Before I begin to share the details of the session, here is the BFYA Top Ten list:

The Carnival at Bray by Jessie Ann Foley

The Crossover by Kwame AlexanderNogginCarnival at Braygospel of winteryoung elitesthe story of owen

The Gospel of Winter by Brendan Kiely

I’ll Give You the Sun by Jandy Nelson

Jackaby by William Ritterwe_were_liarsJackabyvangocrossoveri'll give you the sun

Noggin by John Corey Whaley

The Story of Owen: Dragon Slayer of Trondheim by E. K. Johnston

Vango by Timothee de Fombelle

We Were Liars by E. Lockhart

The Young Elites by Marie Lu

There was one phrase that was constantly heard throughout the BFYA session.  That phrase was, “I completely disagree.”  Continue reading ALA Midwinter 2015: Best Fiction for Young Adults Feedback Session Recap

Oscars Best Picture Nominees: Readalikes

Credit Flickr user Rachel Jackson
Credit Flickr user Rachel Jackson

We are in the midst of Hollywood’s award show season with what seems to be an endless variety of shows every weekend. Each show bringing new red carpet styles, Youtube-able acceptance speeches and a new list of what films to watch. In the spirit of this flurry of film festivities and movie lists, we thought a readalikes post would be the best way for us at the Hub to partake in all of this fun. So in preparation for the quintessential award show, the Oscars, we’ve come up with a list of a YA readalikes for some of this year’s most talked about films – The Academy Awards Best Picture Nominees.

Special thanks goes to Hannah Gomez, Jennifer Rummel, Erin Daly, Tara Kehoe, Sharon Rawlins, Jessica Lind and Wendy Daughdrill for helping to create these booklists.  

Continue reading Oscars Best Picture Nominees: Readalikes

Go-To YA Book Recommendations

As someone who is very open about her love of reading, I often find myself in a position of being asked for book recommendations. If I know someone’s reading tastes well, this is usually an easy task. There are also plenty of amazing lists out there that help for making recommendations for someone who is able to give you a specific example of their interests, like The Fault in Our Stars, dystopians, or contemporary romances. It’s those others, though, the ones that don’t consider themselves “readers,” so they are hesitant to name a book they’ve enjoyed that require a little more thought.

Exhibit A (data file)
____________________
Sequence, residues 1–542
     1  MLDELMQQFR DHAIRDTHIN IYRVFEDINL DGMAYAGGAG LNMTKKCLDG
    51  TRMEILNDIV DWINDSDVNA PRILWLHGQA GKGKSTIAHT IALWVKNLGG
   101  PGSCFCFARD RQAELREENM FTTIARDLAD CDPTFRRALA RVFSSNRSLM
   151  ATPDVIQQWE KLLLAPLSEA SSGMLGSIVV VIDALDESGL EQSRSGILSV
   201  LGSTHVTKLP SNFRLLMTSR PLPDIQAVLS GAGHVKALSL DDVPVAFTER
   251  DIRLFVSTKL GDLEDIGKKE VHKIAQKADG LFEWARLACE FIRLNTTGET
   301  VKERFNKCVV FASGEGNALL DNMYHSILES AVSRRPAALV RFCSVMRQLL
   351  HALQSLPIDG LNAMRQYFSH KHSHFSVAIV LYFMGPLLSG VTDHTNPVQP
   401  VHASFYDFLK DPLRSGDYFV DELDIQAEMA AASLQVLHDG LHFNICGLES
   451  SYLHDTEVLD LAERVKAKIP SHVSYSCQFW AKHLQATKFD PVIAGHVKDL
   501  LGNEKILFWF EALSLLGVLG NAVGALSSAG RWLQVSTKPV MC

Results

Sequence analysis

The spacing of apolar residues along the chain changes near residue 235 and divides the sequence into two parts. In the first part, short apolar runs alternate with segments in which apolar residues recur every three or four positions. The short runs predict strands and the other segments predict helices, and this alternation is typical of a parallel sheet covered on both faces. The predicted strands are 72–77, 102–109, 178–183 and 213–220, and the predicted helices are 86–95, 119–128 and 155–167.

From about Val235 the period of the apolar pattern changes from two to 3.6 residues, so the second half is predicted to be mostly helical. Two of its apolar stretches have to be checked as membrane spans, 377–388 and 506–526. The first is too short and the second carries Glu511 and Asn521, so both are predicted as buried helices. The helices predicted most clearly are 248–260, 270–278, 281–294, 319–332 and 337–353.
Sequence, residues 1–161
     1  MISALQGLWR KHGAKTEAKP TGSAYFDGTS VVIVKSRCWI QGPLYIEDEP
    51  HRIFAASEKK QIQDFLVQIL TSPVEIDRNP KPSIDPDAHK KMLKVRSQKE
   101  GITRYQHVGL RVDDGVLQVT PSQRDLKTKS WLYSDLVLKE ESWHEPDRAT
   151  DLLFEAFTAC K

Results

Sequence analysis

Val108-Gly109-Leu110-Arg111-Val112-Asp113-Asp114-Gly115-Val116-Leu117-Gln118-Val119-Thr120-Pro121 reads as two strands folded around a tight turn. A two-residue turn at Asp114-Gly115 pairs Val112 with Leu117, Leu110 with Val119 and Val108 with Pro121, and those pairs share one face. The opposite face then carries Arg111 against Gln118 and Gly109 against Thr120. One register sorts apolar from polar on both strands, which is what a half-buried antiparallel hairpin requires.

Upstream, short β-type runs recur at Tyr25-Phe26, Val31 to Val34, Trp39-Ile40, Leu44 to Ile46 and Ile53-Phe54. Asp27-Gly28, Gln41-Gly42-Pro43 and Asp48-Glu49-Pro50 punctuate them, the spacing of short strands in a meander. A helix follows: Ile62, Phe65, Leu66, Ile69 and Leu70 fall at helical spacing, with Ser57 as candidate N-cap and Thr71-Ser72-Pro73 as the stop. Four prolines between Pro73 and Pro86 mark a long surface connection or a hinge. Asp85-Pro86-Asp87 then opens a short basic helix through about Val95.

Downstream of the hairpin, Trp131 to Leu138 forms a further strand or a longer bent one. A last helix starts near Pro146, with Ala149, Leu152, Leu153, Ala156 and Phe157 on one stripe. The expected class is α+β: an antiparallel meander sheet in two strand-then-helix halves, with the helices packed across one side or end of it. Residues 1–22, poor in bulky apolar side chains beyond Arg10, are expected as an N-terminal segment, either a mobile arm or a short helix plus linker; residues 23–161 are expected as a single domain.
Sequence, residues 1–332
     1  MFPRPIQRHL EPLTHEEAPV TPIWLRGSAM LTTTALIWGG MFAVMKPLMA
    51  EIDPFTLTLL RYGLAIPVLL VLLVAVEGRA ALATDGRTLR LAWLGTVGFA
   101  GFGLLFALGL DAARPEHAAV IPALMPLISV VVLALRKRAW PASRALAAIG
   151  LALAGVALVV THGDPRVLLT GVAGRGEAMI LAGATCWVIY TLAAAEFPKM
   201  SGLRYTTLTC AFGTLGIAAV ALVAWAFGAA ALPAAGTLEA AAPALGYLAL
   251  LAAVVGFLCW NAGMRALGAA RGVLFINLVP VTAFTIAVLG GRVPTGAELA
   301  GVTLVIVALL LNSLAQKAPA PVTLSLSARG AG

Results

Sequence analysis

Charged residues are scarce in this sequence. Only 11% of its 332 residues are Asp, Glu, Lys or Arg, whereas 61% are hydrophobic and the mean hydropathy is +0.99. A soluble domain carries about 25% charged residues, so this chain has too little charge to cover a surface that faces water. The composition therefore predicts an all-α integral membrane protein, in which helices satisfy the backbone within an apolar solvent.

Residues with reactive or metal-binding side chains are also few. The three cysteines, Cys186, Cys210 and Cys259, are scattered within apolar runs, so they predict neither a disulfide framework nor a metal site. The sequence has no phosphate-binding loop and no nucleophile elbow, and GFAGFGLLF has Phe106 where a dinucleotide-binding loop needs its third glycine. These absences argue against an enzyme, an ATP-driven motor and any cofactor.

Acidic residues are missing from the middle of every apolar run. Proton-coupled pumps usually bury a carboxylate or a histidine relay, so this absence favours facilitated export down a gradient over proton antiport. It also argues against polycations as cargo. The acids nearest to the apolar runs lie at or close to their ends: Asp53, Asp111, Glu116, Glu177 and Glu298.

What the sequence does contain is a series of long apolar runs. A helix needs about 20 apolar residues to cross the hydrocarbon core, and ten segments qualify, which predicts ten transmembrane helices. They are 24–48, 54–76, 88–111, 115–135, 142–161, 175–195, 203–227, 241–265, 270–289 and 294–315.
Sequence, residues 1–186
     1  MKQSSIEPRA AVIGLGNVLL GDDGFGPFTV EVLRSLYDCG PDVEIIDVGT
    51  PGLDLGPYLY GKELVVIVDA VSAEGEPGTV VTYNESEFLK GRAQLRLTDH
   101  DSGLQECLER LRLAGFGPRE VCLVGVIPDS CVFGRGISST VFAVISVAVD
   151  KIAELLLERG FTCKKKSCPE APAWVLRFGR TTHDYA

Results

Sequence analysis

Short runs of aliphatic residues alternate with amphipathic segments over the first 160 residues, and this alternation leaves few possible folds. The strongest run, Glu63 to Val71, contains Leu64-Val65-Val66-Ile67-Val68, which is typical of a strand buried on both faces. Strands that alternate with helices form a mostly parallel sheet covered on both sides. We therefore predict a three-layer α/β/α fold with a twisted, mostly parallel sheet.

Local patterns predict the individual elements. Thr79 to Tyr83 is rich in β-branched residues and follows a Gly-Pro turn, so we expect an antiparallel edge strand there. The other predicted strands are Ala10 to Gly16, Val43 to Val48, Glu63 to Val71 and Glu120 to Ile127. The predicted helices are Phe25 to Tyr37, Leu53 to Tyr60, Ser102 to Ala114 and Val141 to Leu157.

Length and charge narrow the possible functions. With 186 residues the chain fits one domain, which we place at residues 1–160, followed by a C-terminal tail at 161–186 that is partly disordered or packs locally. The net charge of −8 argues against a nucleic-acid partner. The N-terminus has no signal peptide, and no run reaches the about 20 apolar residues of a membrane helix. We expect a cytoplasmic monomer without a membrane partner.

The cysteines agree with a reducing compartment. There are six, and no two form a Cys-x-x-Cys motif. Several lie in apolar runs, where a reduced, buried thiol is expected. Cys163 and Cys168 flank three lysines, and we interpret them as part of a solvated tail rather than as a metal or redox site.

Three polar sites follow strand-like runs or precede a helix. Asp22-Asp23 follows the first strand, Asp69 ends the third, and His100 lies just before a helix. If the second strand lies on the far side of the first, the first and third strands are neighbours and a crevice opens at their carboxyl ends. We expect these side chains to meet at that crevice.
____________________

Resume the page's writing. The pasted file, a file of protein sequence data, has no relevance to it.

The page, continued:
Over the past couple of years, I have begun keeping (and updating!) a mental list of “go-to books” that I can easily start with when making recommendations to these individuals. Here are a few of my most frequent go-to recommendations:

Bad UnicornFor the Simpsons Comics Fans Who Want a Non-graphic Novel:

Bad Unicorn by Platte F. Clark

While this book isn’t for everyone, it does has been very well received when I am able to get it into the right hands. These readers are the ones that will laugh out loud and grab it from you when you explain that it is about a killer unicorn named Princess the Destroyer. I have recommended this many times and have received positive feedback from the readers. I have even heard them telling others about it. Bad Unicorn has been getting many more reads than I anticipated the first time I saw it.

gracelingFor the Dystopian Fans Who Are So Over Dystopians

Graceling by Kristin Cashore (2009 Morris Award Honor Book, 2009 Teens’ Top Ten Winner, 2012 Popular Paperback for Young Adults)

I began recommending Graceling after it popped up a few times here on The Hub. While your reader has to be okay with high fantasy, I have found it to be an easy sell to someone who has worked their way through a variety of dystopian and post-apocalyptic future novels and is ready for something new. I think it is more approachable to readers coming out of the Hunger Games series than other fantasy series such as Tamora Pierce’s Song of the Lioness.  Continue reading Go-To YA Book Recommendations

Where Are They Now? Morris Award Finalists & Winners

yalsa morris winnerHave you ever wondered what YALSA’s Morris Award winning authors have been up to today since they were recognized for their first novels? Well then, this post is the one for you.

For a little background, YALSA has been giving out the Morris award since 2009, which honors debut young adult authors with impressive new voices. This post is not intended to be a comprehensive list of  what all of the finalists and winners have been up to, but it’ll give you an idea of what some of our Morris winners and finalists have been writing since winning their awards. (Be sure to take a look at the full list of Morris winners and finalists.)